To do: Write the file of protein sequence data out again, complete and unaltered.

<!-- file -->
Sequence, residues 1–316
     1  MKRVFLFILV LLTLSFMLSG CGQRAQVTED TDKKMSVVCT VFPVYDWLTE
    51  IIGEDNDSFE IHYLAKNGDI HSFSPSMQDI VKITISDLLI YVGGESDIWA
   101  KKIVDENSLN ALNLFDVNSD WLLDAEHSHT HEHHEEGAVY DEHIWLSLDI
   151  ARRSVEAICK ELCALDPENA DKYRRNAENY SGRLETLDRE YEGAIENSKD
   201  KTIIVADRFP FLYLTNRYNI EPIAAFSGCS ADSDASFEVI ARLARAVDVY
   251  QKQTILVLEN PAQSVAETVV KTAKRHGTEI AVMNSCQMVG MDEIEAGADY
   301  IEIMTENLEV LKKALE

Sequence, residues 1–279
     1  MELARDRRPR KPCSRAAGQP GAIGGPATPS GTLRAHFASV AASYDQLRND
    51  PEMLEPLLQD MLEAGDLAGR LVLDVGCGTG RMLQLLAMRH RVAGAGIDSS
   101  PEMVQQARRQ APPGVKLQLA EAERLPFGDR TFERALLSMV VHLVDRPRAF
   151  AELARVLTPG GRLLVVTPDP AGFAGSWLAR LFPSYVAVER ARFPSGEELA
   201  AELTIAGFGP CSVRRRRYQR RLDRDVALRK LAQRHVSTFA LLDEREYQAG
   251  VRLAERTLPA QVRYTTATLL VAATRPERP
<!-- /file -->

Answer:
Sequence, residues 1–316
     1  MKRVFLFILV LLTLSFMLSG CGQRAQVTED TDKKMSVVCT VFPVYDWLTE
    51  IIGEDNDSFE IHYLAKNGDI HSFSPSMQDI VKITISDLLI YVGGESDIWA
   101  KKIVDENSLN ALNLFDVNSD WLLDAEHSHT HEHHEEGAVY DEHIWLSLDI
   151  ARRSVEAICK ELCALDPENA DKYRRNAENY SGRLETLDRE YEGAIENSKD
   201  KTIIVADRFP FLYLTNRYNI EPIAAFSGCS ADSDASFEVI ARLARAVDVY
   251  QKQTILVLEN PAQSVAETVV KTAKRHGTEI AVMNSCQMVG MDEIEAGADY
   301  IEIMTENLEV LKKALE

Sequence, residues 1–279
     1  MELARDRRPR KPCSRAAGQP GAIGGPATPS GTLRAHFASV AASYDQLRND
    51  PEMLEPLLQD MLEAGDLAGR LVLDVGCGTG RMLQLLAMRH RVAGAGIDSS
   101  PEMVQQARRQ APPGVKLQLA EAERLPFGDR TFERALLSMV VHLVDRPRAF
   151  AELARVLTPG GRLLVVTPDP AGFAGSWLAR LFPSYVAVER ARFPSGEELA
   201  AELTIAGFGP CSVRRRRYQR RLDRDVALRK LAQRHVSTFA LLDEREYQAG
   251  VRLAERTLPA QVRYTTATLL VAATRPERP